By Peter Galuszka
In June, it was 4 percent of GDP, well down from 10 percent ($1.4 trillion) at the start of the Great Recession in 2009.
Where are all the scary stories you used to read in Bacon’s Rebellion? Whatever happened to the Baconauts who were disciples of “Boomergeddon,” the book that showed the lawn chair on a tropical island facing a nuclear bomb detonation. That was a very frightening image.
The problem, according to Paul Krugman, one of my favorite columnists, is that people still believe deficits are dramatically out of whack because politicians still tell them that.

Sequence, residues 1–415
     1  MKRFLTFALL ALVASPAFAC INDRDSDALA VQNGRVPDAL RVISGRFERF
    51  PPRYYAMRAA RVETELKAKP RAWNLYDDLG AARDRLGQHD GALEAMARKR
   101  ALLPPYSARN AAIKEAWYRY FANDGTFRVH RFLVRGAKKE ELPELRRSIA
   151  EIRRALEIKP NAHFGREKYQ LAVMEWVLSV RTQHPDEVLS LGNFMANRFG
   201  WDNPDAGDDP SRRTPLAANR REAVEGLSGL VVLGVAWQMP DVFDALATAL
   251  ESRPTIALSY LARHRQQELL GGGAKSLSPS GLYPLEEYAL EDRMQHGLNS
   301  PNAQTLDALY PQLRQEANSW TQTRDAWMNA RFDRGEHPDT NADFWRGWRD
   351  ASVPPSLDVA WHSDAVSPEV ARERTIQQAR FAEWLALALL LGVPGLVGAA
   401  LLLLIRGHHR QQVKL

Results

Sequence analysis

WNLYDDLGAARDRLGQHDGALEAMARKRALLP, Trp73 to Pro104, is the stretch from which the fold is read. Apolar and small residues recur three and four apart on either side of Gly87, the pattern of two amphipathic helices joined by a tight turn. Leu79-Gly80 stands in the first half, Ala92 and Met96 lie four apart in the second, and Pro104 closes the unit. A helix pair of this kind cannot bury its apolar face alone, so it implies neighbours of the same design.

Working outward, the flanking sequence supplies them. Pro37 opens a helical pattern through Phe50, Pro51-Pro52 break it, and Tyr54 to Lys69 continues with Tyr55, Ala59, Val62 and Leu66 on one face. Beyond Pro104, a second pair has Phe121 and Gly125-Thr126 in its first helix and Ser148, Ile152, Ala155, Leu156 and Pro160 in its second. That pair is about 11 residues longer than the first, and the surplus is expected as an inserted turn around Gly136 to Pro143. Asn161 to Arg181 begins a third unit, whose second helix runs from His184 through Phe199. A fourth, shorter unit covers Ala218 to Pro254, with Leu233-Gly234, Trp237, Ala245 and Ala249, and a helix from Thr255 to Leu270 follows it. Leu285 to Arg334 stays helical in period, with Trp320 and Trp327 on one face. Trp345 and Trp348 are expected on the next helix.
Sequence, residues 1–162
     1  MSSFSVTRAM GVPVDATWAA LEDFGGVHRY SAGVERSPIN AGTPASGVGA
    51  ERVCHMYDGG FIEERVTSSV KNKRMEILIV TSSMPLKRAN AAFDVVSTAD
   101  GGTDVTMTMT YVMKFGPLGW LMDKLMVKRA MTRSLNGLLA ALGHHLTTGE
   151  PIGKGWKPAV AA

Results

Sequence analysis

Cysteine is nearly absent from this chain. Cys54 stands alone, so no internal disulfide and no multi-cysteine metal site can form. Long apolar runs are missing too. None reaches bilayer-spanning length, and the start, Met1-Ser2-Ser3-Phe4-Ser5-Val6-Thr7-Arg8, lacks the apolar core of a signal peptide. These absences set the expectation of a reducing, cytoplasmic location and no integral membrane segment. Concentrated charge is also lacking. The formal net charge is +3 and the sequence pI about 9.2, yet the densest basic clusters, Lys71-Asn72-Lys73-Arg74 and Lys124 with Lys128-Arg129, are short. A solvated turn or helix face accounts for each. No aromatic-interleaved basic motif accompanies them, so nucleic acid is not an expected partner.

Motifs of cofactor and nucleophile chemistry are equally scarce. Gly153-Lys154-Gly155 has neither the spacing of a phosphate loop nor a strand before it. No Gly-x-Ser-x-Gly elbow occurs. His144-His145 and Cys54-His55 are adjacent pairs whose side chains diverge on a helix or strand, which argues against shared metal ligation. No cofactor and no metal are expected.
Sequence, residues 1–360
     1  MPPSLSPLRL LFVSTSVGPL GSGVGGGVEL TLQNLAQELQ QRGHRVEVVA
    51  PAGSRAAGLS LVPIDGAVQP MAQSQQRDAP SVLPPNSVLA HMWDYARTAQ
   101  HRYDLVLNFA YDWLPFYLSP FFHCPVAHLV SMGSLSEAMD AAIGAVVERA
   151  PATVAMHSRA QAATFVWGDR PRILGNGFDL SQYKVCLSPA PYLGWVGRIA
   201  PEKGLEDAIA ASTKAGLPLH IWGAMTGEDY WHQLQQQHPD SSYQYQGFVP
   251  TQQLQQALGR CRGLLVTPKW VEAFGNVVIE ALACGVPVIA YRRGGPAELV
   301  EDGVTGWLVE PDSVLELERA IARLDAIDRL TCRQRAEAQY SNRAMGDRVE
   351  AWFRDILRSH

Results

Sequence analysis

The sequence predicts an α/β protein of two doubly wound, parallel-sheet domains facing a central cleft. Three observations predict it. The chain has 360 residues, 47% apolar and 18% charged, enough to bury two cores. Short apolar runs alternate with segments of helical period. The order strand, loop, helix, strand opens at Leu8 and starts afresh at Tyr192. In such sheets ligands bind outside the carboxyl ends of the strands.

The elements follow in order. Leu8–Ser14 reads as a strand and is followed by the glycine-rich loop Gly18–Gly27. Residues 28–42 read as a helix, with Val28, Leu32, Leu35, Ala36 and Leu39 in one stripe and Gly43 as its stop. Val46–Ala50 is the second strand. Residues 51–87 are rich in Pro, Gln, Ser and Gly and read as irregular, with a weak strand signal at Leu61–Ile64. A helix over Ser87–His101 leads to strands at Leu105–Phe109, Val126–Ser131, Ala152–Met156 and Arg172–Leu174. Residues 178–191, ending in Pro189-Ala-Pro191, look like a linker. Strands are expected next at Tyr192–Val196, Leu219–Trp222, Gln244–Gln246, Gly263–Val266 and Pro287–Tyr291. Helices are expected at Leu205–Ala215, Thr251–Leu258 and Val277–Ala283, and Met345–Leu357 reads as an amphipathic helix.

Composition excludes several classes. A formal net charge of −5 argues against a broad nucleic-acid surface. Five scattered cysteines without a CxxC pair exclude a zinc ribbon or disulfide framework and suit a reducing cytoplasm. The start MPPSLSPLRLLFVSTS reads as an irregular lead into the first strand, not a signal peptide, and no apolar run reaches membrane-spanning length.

He notes: “Thus Eric Cantor, the third-ranking Republican in the House, declared on Fox News that we have a ‘growing deficit,” while Senator Rand Paul told Bloomberg Businessweek that we’re running a ‘trillion dollar deficit’ every year.”
I can’t speak for Paul but I do remember interview Cantor a few years ago during the financial crisis and he actually told me that “we have to get the government out of the capital markets.” I asked him why, then, did he vote for TARP, which put the feds directly in those markets. There was a pause of about 20 seconds and then he said, “Well, it was a crisis.”
Just like the deficit, you Baconauts out there!